Oil marketers in Nigeria are still reluctant to resume the importation of Dual Purpose Kerosene (DPK), after abandoning the venture for over two years on the grounds of unprofitability.
The marketers complained that access to foreign exchange (forex) for the importation of DPK is marred by irregularities.
Two years after the Federal Government removed subsidy on the product, marketers discontinued their participation in the product’s importation amid prevailing demand from households, and largely the aviation sector.
Kerosene is being imported and sourced from local refineries by the Nigerian National Petroleum Corporation (NNPC) solely, and sold to marketers at a deregulated ex-depot price of about N190 per litre. But the supply of the product has continued to be epileptic, and characterised by price differentials.
Given the rising demand for the product as aviation fuel, some households that depend on the product, pay as high as N350 per litre to get it for domestic use.
Responding to queries from The Guardian on the position of marketers, Major Oil Marketers Association of Nigeria (MOMAN), disclosed that marketers are facing challenges in the importation other petroleum products, and not just DPK.
MOMAN said: “In the current environment, marketers are facing challenges with respect to importation of all products whether deregulated or not, because of challenges in accessing foreign exchange at competitive rates.
“NNPC sells Dual Purpose Kerosene (DPK) to marketers at an ex-depot price of N190 per litre. If marketers were to import the product using their (marketers) importation template, the landing cost would be N225 per litre due to the rate at which we access foreign exchange.
“The full benefits of competitive importation and full price deregulation can only be felt in an environment where all importers have equal access to foreign exchange at the same competitive rates.”
The Independent Petroleum Marketers Association of Nigeria (IPMAN), Depot and Petroleum Products Marketers Association (DAPMAN), and other marketers, said they stayed away from kerosene importation because of outstanding subsidy arrears being owed by the Government.
According to the World Bank, over 51 per cent of Nigerians reside in the rural area, and depend on kerosene to cook or light their homes or opt for firewood due to the high cost of the product. While the figure of people cooking with firewood or charcoal rises, the World Health Organisation (WHO), reported that over 470,000 Nigerians have died in the past five years from firewood induced sicknesses.
A report published by a Non-Governmental Organisation, Power for All, noted that over 66 per cent of households in Nigeria use kerosene for lighting and cooking, while the Nigerian Bureau of Statistics (NBS), put the proportional use of kerosene by Nigerian households at 22.8 per cent for cooking, and 57.8 per cent for lighting, mostly by the rural and peri-urban poor.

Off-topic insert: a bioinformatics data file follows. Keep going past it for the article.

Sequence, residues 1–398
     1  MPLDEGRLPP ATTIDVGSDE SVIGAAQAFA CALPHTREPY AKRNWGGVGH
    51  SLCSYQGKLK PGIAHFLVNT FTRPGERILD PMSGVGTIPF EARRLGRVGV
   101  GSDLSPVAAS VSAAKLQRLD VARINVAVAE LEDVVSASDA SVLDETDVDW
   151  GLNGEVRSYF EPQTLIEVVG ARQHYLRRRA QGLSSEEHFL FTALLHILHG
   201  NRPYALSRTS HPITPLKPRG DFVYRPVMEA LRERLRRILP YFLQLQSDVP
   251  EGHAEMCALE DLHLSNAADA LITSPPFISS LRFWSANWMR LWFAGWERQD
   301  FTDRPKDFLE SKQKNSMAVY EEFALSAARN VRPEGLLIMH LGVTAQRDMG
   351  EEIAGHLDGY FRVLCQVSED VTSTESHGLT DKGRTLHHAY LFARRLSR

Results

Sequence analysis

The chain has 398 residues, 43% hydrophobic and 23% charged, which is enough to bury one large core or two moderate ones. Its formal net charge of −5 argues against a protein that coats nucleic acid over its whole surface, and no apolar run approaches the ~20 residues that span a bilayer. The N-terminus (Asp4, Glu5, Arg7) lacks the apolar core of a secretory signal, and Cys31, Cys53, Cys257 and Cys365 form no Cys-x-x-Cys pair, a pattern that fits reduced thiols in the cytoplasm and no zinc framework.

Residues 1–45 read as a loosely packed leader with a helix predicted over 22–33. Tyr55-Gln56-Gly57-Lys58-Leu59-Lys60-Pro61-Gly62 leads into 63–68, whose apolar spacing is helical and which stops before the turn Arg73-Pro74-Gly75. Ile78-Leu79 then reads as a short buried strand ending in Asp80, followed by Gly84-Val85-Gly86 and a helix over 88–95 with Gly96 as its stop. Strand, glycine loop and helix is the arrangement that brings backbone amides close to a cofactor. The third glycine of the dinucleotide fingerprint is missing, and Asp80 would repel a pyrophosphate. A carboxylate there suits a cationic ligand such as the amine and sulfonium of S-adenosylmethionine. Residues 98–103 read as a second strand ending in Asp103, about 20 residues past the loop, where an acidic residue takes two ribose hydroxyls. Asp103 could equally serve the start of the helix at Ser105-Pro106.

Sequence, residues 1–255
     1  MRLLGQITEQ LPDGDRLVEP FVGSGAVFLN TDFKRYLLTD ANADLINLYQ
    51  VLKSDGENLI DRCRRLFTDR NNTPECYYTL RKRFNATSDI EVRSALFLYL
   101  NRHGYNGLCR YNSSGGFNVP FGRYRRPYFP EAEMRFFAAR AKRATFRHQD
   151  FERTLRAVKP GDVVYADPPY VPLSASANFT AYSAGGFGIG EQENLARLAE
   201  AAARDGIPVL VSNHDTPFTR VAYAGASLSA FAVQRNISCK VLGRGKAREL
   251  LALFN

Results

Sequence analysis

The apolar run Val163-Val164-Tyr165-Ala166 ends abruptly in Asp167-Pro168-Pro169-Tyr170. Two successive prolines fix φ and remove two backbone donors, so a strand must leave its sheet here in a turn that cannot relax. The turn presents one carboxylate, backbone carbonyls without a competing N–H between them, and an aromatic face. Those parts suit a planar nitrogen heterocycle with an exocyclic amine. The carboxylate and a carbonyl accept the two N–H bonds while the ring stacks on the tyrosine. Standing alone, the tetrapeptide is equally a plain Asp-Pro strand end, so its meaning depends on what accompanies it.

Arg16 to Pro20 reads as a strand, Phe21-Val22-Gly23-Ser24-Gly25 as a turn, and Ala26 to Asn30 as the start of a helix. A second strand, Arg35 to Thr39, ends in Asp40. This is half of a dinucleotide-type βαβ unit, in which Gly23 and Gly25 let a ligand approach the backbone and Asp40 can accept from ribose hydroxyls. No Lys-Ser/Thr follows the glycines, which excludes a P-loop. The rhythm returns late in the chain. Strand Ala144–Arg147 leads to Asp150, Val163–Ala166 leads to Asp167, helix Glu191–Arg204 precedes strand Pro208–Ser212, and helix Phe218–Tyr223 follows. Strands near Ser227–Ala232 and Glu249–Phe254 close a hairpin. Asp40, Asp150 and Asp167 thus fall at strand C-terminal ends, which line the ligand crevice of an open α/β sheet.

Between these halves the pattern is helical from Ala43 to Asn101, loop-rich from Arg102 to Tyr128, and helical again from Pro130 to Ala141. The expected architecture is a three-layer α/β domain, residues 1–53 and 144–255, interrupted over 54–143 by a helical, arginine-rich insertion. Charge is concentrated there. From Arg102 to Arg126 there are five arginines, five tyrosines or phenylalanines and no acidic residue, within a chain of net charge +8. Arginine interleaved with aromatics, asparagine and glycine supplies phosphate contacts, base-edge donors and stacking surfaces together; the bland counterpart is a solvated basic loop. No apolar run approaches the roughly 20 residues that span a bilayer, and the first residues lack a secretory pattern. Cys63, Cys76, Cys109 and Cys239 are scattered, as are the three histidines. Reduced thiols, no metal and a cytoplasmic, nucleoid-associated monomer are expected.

Taofeek Lawal, the spokesperson for Nipco Plc, the marketing and distribution joint venture company of IPMAN, in a telephone interview, said although the DPK market is perceived to be deregulated, but realities have shown that it is partially deregulated.
Citing the Automotive Gas Oil (AGO) market, which is fully deregulated, he noted if the DPK market was equally deregulated fully, the behaviour of both markets would be similar.
On account of deregulation, the DPK market had seen some level of volatility in price and supply templates at the retail end.
Some marketers that still receive kerosene stock from NNPC, say compared to Premium Motor Spirit (PMS) and AGO, turnover for DPK had remained the worst, while margins on the product has been discouraging.
One marketer that spoke in confidence, said: “After AGO was deregulated, no marketer waits for NNPC for supply despite the fact that NNPC also imports AGO. Marketers go on to import and sell at prices they deem fit. But for DPK, marketers still wait for NNPC’s stock after years of perceived deregulation. That means something is actually wrong with DPK deregulation in Nigeria.”
The National Operations Controller, IPMAN, Mr. Mike Osatuyi, said currently, members of the Association are not importing DPK, but insisted that the DPK market was fully deregulated.
According to him, any IPMAN member can bring in DPK after getting the necessary approvals from the Department of Petroleum Resources (DPR), and the Petroleum Products Pricing Regulatory Agency (PPPRA).
Osatuyi said, “We will start importing DPK when the coast is clear. By this, I mean when we are through with our internal reorganisation. But I must say the demand for the product is dropping, as people are switching over to Liquefied Petroleum Gas (LPG).
“Because we believe the market is fully deregulated, I don’t think we will have any issue with foreign exchange when it is time to import.”
When contacted, the Executive Secretary, DAPPMA, Mr. Femi Adewole, declined to comment. But The Guardian gathered from a member of the Association that forex constraint is a major constraint to kerosene importation.
The source said members who currently deal on the product, concentrate on the supplying to the aviation sector, adding that the margin from selling the product to households is not attractive, and as such not leveraged by marketers.